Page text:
8. Do they try things I like?

While you don’t have to like the exact same things, it’s important to try things out that each of you like and is important to you. In a healthy relationship, you support each other in your interests and don’t put each other down.

TIP: Try listing the things you do when you’re with your partner. Then cross off the things from that list that you don’t really like to do. How many things are left? Do both of you enjoy doing these things? Are there any new things that you could explore together? Try the activity together and have a conversation about what you’d like to try together.


9. Do I feel good about myself when I’m with them?

It’s important to make sure you and your partner bring out the best versions of each other. If you or your partner feel bad about yourselves when you’re together, you’re probably in an unhealthy relationship.


10. Are you generally happy in the relationship?

Healthy relationships feel good! While being happy 24/7 is impossible, if you generally feel sad, scared, anxious, uncomfortable, or underappreciated when you are around the other person, or because of your relationship, then there’s something wrong.


What to do if you think you’re in an unhealthy relationship

If your answer to any of the questions above was NO, then it might be time to think about making a change. If this is the case, there are a few things you can try in order to figure out what to do next.


1. Talk to someone else about your feelings: Tell a friend or a trusted adult how you’re feeling. Do your best to explain what makes you uncomfortable about your relationship. We have some tips on talking to someone about what’s going on if you’re not sure how to start the conversation.


2. Talk to the person you’re seeing: If you’re comfortable and think it’s safe, try bringing up your concerns with your partner. Do this in a calm and non-attacking way. Aim for a solution rather than winning the argument.

TIP: Set up your conversation like a sandwich, starting with one positive thing, one negative thing, and then ending in a positive way. For example:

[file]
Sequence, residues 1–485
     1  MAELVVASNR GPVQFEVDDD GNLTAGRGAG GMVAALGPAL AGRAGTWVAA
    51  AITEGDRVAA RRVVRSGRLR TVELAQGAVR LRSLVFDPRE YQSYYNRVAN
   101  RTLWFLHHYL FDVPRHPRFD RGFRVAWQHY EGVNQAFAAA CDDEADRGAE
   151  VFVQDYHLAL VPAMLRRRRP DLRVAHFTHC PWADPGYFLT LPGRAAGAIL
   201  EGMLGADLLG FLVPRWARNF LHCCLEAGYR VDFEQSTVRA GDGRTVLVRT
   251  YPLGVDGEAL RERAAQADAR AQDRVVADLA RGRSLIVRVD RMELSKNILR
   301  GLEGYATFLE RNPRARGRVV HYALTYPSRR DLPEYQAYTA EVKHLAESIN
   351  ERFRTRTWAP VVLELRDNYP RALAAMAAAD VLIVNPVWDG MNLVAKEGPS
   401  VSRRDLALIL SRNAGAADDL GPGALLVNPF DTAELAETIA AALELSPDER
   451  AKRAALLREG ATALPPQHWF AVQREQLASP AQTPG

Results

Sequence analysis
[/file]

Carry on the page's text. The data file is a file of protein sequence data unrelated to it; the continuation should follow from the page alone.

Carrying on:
• Positive: “Hey, I know things have been really hard for you lately and you’ve been doing great keeping up with it all.”
  • Negative: “It made me feel really upset when you raised your voice at me yesterday.” 
  • Positive: “I know you’re coping and this is not you.”
  • Optional – asking them to take the lead on how to resolve the situation: “Do you need some time to yourself, or maybe we can go out somewhere and try to unwind?” 

*There is a fine line between being supportive  and encouraging unhealthy behaviour when a conflict happens. If you find yourself constantly feeling shut out, or needing to prioritize your partner over your personal feelings, that is a sign to rethink the relationship.


3. Step back: If you feel uncomfortable in your relationship or you’ve talked to your partner and nothing has changed, then it may be time to take a step back and re-evaluate. You may find the relationship is no longer serving you. Breaking up with someone is never easy, but it is definitely better than being in an unhealthy relationship.


4. Don’t fall for the ‘sunk cost fallacy’: You may feel that because you’ve spent time and energy on a relationship, that you should stick with it no matter what. This is called the ‘sunk cost fallacy’. Remember that you always have the right to walk away from a relationship that doesn’t feel healthy, at any time.


Relationships are always tough to navigate and every couple is different. These are just a few questions you can ask yourself when you reflect on how healthy your relationship is. Ultimately, you are the one who makes the final call, and you should always feel empowered making a decision that is right for you – whether you think the relationship is healthy and should continue or not.


Keywords: relationships, boyfriend, girlfriend, partner, romance, dating, relationship, question, reflection, sex, couple